Chinese Puzzle is less of a loveletter to New York, more a valentine to Woody Allen’s Manhattan. The parallels come fast and in abundance. Both feature New York as both a locale and a character. Both follow the travails of a middling writer in the aftermath of divorce. Both writers find themselves adrift, while the women of their lives (both have surrounded themselves with a lot of women, somehow) propel themselves ever onward. Chinese Puzzle’s Xavier, played by Romain Duris, is particularly rootless after resolving to move to New York to reconnect with his transplanted children.
It’s a setup that could really go either way on the comedy scale, but director/writer Cédric Klapisch manages to pull out a lot of charm. There’s a few culture-shock jokes, which I always find kind of shitty—e.g. Lost in Translation’s scene with the escort, which is yeah pretty funny (mostly because of Bill Murray’s delivery), but man, rude; Chinese Puzzle makes it feel all in good fun, and no one’s being scorned. Xavier’s American divorce lawyer, for example, is pretty much just a schlubby fast-talker working out of a basement office—whatever stereotype you’re imagining is basically the character—but while he’s profoundly unprofessional, he means well, and he’s not actually incompetent. Xavier himself doesn’t spend much (any?) time gawping at skyscrapers and getting hit by angry taxicabs; actually, he looks right at home almost immediately. Melting pot! (If only we were all so lucky.)
Still, life is complicated for Xavier—that’s a word that gets thrown around a lot, “complicated”—most of the running time is dedicated to Xavier finding his place in the city in various subplots: searching for a place to live, finding work (since apparently being a middling French novelist doesn’t quite cover the bills), grappling with being a sperm donor to his best friend, getting a green card (by marrying someone, obviously), spending time with his kids, etc. etc. etc.—all subplots colliding, eventually, in a truly awkward (but hilarious!) scene in Xavier’s Chinatown apartment.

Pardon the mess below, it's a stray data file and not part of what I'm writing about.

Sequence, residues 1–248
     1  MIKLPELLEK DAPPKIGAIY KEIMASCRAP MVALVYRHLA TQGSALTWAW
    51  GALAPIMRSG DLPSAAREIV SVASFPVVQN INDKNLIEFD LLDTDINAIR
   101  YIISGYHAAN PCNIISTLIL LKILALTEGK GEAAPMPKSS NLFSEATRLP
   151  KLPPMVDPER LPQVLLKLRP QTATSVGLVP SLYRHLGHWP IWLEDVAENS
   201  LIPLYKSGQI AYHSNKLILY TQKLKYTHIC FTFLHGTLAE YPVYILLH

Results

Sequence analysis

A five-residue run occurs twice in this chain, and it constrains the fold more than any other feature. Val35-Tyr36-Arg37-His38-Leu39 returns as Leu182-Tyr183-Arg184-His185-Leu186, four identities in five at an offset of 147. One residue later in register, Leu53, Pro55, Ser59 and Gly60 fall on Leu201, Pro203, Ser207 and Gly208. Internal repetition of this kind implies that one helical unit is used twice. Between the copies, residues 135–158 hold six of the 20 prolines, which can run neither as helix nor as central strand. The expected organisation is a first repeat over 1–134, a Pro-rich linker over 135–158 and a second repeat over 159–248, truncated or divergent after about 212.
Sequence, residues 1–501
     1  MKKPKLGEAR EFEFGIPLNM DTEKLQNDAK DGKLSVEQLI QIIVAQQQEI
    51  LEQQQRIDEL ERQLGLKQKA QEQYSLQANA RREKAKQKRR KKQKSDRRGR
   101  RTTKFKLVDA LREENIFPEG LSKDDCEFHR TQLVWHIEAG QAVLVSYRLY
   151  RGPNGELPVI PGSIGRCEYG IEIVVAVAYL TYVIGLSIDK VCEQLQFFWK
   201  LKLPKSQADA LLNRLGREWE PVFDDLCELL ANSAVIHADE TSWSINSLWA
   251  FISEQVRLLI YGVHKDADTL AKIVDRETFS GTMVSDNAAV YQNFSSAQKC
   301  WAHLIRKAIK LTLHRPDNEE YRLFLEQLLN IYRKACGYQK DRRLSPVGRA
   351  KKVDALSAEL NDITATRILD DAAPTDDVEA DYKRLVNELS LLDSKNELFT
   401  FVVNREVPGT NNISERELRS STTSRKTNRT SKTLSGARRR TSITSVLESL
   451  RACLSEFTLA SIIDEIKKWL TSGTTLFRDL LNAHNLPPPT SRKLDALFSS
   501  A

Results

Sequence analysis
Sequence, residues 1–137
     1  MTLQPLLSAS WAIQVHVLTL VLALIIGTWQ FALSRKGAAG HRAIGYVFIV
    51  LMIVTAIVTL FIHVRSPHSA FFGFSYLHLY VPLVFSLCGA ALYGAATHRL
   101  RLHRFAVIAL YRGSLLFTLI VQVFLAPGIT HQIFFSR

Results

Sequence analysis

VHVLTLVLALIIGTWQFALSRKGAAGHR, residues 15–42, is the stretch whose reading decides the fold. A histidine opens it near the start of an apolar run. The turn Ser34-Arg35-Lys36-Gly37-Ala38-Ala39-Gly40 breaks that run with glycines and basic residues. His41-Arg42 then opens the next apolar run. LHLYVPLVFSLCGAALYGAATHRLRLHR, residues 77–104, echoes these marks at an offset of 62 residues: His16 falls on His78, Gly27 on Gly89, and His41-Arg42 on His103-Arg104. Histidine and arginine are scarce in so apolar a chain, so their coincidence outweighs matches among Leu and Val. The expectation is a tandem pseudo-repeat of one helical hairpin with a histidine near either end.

Chinese Puzzle is the final film of a trilogy, and apparently most (if not all) of the cast of the previous films appear again in greater or lesser roles. Having not seen the other two films, I can say that Chinese Puzzle stands well on its own. But while the conclusion of the film sees Xavier learning to move forward again (~*~woo~*~), there’s the sense that it’s just as much about reconciliation with the past. Again, having not seen the other two parts, yr. guess is as good as mine about what reconciliation is required, and I can only imagine certain smaller moments would have been more affecting if I’d known the characters. Still, despite its own history, it doesn’t wink at itself often at all, and it feels like more than just a victory lap.
And the movie isn’t precious or sentimental. Which is an easy trap for things like this, I think! It does wrap up rather neatly—one can nearly see a bow descending upon the screen as the credits roll. But while the wisdoms it espouses might be considered “simple” or “obvious,” those are often the easiest to forget. Chinese Puzzle, if nothing else, has the wisdom to know that.
Well, okay, except maybe at the end, with a Great American Running-To-One’s-Destiny scene. Possibly also another Manhattan homage. (The only thing this movie is missing, then, is some Gershwin.)
Chinese Puzzle, it should also be said, actually has two scenes in which Romain Duris runs through the streets of New York. ↩